My selfish reverse-narcissism (which is still narcissism, since I was still wrapped up in myself, though it was entirely negative) made several girls’ lives miserable. Almost 40 years later, I still sometimes remember some stupid or awful thing I did, cringe at the memory, wish there were a way to apologize, then sigh and accept that there’s nothing to do but to let it stay buried.
I also learned how I was making those girls feel; how I stressed them out, made them frightened, forced them to eventually tell me flat-out (and repeatedly) to get lost, drop dead, go away, because I couldn’t take a hint or accept a polite refusal. I couldn’t understand that by making some innocent kid the magical solution to all my personal demons, I was putting an enormous and terrifying burden on her, especially the unspoken implication that the price of failure would be terrible. Would I get violent? Would I harm myself? Would I seek some sort of vengeance? I was obviously unstable, but just how unstable was I and what recourse did she have? How did my problems become her problem?
Eventually, with the help of a number of friends, I gradually figured it out. I learned that I wasn’t ever going to lose my hard-wired feeling that people don’t like me, but I didn’t have to act on it or let it control me. As soon as I stopped telling people not to like me, they stopped not liking me. More than that, I learned that, as the Ancient One says, it’s not about me. I was so focused on my own fears and wants that I was oblivious to anyone else’s. I told the girl all about what I wanted from her, but never mentioned or even considered what I was bringing to the table; what was she supposed to get out of the relationship, apart from the satisfaction of having improved and rehabilitated me, which is what all good Manic Pixie Dream Girls really want? Once I acquired a little bit of empathy (which was greatly assisted by immersion in the works of Harry Chapin), I realized that most girls were every bit as unsure, insecure, fearful and self-doubting as I was. If you treat them like people, they tend to respond well to that.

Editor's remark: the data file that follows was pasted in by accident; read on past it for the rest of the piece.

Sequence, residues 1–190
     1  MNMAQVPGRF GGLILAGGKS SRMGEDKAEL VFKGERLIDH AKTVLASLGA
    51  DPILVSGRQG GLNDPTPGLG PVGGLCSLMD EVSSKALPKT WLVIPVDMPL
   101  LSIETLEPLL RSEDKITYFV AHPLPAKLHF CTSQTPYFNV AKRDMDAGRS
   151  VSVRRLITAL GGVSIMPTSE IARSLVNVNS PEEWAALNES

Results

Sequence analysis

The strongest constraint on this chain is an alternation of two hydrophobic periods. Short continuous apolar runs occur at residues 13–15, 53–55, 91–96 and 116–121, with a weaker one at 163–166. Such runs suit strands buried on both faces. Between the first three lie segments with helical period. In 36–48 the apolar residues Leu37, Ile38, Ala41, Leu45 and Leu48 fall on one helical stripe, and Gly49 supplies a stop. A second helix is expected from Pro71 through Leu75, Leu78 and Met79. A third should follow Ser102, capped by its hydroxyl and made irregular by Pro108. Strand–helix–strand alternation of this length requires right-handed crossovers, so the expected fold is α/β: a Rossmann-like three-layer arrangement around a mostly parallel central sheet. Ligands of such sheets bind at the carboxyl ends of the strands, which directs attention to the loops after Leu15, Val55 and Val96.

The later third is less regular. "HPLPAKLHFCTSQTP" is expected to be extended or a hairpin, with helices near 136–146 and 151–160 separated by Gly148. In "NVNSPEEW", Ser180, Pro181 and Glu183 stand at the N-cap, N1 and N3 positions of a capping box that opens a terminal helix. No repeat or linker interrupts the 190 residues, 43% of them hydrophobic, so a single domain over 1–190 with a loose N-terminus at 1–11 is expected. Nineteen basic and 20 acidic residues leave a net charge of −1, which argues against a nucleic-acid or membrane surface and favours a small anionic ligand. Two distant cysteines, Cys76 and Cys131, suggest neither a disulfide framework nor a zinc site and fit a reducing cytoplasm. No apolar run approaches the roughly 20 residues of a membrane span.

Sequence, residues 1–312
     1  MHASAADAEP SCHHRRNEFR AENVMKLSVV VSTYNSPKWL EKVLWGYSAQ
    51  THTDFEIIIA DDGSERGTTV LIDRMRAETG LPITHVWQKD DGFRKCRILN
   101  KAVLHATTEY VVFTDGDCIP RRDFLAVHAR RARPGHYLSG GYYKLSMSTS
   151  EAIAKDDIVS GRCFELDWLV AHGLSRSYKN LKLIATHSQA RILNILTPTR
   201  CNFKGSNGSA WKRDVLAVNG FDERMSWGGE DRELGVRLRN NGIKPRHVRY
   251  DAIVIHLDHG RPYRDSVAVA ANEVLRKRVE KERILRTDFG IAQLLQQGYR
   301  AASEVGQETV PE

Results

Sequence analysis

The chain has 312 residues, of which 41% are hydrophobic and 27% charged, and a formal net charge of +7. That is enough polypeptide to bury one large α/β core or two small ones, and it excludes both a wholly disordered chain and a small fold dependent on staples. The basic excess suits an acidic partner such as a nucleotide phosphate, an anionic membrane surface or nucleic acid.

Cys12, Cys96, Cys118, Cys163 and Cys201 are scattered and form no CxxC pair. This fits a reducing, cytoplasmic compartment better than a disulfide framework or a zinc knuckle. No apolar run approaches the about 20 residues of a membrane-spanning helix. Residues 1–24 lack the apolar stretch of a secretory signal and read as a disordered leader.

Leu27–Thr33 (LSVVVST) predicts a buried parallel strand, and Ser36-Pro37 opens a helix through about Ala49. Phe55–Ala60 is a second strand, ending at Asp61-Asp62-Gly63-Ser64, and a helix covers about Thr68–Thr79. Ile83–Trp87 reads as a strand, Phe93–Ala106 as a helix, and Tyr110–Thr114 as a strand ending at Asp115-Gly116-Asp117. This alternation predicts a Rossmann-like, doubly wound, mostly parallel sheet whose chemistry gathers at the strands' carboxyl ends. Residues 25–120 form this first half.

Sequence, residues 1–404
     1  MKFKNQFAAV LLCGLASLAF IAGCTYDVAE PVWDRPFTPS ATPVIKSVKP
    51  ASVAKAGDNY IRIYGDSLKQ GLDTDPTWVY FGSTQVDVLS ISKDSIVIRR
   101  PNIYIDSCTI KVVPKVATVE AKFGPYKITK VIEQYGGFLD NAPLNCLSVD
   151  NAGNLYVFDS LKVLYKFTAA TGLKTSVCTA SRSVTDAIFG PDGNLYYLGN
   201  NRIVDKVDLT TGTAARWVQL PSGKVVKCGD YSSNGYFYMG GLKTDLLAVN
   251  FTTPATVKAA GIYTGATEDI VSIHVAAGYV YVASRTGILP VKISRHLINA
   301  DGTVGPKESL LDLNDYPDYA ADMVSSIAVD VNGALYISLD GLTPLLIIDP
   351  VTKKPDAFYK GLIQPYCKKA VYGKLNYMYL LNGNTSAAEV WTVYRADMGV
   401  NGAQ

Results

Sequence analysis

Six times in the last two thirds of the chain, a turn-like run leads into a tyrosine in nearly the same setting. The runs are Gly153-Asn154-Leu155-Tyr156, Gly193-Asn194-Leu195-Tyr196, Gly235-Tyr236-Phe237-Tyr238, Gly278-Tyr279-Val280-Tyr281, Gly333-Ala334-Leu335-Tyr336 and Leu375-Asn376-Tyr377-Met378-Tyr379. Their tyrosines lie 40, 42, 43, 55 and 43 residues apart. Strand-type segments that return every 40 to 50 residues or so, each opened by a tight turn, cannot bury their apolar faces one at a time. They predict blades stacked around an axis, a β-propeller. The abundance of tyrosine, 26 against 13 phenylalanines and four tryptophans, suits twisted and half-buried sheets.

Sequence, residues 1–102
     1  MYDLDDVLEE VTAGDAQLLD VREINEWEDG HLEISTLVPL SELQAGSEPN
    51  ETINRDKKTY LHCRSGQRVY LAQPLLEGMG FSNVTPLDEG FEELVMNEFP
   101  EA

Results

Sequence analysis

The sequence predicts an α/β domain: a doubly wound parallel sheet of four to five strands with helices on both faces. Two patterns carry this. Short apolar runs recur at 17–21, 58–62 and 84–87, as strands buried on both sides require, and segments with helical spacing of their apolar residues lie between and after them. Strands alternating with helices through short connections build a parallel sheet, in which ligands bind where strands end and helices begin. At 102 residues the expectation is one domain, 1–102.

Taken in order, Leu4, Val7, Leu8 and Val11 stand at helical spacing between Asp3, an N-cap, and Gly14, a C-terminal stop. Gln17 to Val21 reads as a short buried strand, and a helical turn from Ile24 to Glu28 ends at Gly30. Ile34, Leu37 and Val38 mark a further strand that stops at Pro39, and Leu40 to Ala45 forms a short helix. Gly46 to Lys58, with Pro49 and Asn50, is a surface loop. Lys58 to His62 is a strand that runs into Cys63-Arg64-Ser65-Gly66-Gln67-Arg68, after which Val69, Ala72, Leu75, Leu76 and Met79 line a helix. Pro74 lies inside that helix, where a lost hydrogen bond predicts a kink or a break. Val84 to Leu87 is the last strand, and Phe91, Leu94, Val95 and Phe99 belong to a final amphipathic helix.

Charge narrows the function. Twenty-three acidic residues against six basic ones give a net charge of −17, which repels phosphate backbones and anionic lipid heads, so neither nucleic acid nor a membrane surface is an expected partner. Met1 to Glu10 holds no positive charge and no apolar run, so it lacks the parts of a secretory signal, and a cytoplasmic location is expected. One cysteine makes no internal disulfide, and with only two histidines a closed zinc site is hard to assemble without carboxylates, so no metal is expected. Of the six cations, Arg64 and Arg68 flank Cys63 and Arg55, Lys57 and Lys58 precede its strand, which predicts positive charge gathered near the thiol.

Today, when I rationally examine the facts, I know that I am popular and well-liked and have a lot of friends. I also know that I endlessly rehash every gaffe I ever made, every display of awkwardness, every incident when I offended or hurt someone, and wonder if they will ever forgive me for the terrible things I did (that they had actually most likely forgotten pretty quickly). I still live with doubt, insecurity, recrimination and second-guessing, but I don’t give in to it. When you know better, you do better.
(One note: If you’re one of my long-time friends, please do me the kindness of repressing the urge to jump into the comments section with “hilarious” stories of my embarrassing behavior. I know all too well what I did and to whom, I don’t need to be reminded of it, and nobody else needs to hear those stories. If you’re still friends with one of those women, just tell them I’m sorry and leave it at that. Thank you.)
So yeah, I get it. I understand what these guys are going through. I know how painful and lonely it is to be where they are. But I also know firsthand that they are keeping themselves in that dark and miserable place, and in so doing, are inflicting a lot of unnecessary misery on themselves and the people they are directing their intentions toward.
Dr. Nerdlove has done a far better job than I can of trying to help these guys understand how their attitudes and ingrained beliefs are undermining them, so I’ll just point to a few of his links and leave it to him, while I move on to my major point, which is this:
THIS SHIT SHALL CEASE.
Frankly, it doesn’t matter whether you feel entitled or frightened, whether you’re just awkward or a full-blown stalker, whether you’re parroting the Red Pill bullshit or just wallowing in your own self-loathing. You are an adult, and it’s not too much to expect and demand that you act like a civilized one in public.
Your problems are your problem. She can’t fix you. She’s not the Nerd Whisperer. She’s not your Manic Pixie Dream Girl, and it’s wrong of you to put that on her. So don’t.